What you need:
1-6 choices of fabric (I used scraps of fabric for this)
2 8" zippers
24" of ribbon
Paper to make patterns (newspaper works well)
Start by cutting pattern pieces * CUT one pattern piece of each, When I mention how many to cut below I am talking about the fabric. Each piece below can be cut out of just a few fabrics or each piece can be different. I limited my students to 4 fabrics.
9"x13" - cut 1 * Outside fabric
2.5"x9" - Cut 2 *Zipper Side Panel
9"9.5" - Cut 1 *Zipper inside panel
8.5"x12.5" - Cut 2 *Inside layer, background pieces
4.75x12.5" - Cut 4 *Pockets
5.5x12.5" - Cut 1 *Inside pocket
* 1/2" seam allowances are included
If your fabric is thinner, cut interfacing for all your pieces and iron on before starting.
Let me know if you need photos of the process to make this more clear.
It's Spring Time and therefore... Spring Cleaning time! This is my favorite time because not only do things get re-organized and start looking tidy again, but I also get to raid my boyfriends give away pile!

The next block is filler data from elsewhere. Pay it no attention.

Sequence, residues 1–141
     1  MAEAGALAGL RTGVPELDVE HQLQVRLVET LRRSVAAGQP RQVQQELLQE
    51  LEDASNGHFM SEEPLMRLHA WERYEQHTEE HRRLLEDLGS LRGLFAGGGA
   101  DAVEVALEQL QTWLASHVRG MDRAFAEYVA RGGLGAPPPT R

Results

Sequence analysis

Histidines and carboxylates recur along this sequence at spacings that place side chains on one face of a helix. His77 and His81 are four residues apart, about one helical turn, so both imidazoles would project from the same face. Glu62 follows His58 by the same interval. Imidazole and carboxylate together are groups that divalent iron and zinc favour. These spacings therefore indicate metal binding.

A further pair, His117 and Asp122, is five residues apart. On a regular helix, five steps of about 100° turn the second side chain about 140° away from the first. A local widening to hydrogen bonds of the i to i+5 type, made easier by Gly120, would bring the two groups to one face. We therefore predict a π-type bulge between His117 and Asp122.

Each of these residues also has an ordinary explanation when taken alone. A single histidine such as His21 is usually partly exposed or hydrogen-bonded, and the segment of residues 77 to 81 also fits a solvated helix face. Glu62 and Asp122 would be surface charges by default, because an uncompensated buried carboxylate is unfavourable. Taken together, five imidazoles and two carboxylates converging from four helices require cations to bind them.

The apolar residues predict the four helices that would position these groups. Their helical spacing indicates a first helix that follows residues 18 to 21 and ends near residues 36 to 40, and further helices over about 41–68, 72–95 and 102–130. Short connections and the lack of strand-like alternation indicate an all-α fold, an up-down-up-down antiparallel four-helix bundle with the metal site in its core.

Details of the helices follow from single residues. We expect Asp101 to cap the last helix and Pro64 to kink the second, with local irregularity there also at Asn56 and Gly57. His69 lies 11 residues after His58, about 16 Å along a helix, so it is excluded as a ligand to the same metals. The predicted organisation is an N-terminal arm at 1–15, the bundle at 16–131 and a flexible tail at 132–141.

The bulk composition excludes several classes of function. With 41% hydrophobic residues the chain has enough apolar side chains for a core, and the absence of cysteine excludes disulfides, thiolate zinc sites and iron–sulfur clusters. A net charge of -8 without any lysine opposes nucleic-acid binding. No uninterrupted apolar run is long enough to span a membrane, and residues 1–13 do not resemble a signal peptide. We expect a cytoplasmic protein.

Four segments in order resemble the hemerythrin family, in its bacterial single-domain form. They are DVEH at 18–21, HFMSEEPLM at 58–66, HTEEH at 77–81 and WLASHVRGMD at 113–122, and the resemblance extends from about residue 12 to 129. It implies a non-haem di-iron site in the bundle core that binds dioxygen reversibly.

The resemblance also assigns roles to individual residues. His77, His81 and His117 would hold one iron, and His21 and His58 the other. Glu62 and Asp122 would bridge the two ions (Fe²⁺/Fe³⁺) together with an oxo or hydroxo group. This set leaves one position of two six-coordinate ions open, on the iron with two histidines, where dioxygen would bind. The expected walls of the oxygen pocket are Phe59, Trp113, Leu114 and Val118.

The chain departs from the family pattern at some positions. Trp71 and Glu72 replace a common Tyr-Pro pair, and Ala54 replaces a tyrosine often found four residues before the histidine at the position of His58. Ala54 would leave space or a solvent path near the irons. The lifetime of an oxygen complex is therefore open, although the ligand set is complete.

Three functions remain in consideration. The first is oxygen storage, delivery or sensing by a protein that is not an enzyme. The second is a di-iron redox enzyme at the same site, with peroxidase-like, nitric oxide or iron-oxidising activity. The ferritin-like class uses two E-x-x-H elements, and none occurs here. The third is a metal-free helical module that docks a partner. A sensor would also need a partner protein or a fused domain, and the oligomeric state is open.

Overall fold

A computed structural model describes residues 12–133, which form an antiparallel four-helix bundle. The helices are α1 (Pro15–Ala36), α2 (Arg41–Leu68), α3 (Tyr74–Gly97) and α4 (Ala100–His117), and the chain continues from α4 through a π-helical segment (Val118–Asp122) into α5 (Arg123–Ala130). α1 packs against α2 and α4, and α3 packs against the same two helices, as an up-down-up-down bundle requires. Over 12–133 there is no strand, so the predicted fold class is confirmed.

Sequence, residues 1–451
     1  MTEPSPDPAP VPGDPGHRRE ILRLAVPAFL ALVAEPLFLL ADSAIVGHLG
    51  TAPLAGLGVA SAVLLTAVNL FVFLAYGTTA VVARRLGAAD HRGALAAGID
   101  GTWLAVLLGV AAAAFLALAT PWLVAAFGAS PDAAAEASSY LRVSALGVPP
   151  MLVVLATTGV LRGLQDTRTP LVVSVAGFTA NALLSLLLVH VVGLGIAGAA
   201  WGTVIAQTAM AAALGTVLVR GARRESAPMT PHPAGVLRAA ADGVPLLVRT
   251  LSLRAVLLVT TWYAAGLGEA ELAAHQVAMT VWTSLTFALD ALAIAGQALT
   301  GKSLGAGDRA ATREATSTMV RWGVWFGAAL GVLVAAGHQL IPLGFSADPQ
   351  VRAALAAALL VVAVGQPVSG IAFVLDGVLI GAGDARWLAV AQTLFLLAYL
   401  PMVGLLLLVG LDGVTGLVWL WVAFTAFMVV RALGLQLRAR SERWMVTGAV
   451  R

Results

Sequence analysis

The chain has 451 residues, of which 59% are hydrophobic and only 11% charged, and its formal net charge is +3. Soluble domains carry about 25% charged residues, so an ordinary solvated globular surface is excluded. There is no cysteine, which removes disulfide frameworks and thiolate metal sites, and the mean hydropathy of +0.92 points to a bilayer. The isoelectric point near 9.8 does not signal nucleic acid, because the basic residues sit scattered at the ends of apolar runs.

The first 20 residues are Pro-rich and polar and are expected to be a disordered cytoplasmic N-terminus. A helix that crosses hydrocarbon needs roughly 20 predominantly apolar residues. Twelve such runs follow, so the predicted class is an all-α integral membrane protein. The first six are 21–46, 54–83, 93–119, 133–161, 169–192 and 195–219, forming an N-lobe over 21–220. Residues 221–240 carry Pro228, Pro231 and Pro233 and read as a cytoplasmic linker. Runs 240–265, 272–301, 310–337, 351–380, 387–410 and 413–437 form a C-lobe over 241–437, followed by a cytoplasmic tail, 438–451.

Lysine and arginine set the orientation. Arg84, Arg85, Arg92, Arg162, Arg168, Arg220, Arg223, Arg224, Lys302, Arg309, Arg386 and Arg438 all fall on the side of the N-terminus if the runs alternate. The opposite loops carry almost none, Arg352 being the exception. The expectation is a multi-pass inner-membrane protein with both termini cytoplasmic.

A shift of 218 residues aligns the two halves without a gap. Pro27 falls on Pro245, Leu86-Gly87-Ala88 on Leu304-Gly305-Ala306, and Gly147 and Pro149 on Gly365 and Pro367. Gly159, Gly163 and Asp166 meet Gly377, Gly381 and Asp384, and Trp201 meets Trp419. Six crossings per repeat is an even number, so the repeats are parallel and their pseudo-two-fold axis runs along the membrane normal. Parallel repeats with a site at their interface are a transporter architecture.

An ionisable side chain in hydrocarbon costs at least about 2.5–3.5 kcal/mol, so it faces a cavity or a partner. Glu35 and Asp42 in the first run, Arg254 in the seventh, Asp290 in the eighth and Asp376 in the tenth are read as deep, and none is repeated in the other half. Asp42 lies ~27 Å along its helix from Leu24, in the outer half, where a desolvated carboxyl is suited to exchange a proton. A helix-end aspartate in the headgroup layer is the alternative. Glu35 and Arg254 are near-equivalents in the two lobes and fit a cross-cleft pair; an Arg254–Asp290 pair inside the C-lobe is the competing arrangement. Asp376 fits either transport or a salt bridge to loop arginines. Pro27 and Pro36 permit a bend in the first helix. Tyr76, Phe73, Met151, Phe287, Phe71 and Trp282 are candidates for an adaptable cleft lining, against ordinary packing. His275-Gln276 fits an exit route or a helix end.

Like all of us, he buys so many things and never wears them. Which is great because I get to take them apart and make them into something new.
This time we're talking peplum tops from old T-Shirts. I had done this project years ago when working for someone else, but it was time to do it again with my intermediate class.
We started by cutting off the sleeves at the seamline, turning the shirt inside out, and trying it on. You can have someone pin along the sideseam so it fits from underarm to waistline. Mark this tailors chalk. Also mark 1" below waistline.
Match the quarter points of top to bottom, making sure they are right sides together. Gather the basting stitches so the top and bottom pieces are even. Stitch together.
Finish the sleeves as desired. Some students had enough room to make a cap sleeve. The rest, made it sleeveless.
My students used shirts that had been very gently used, but I had a super dirty white shirt. I put it in a dye bath and turned it green! Get creative, get sewing.. and don't forget to tag us so we can see your amazing work!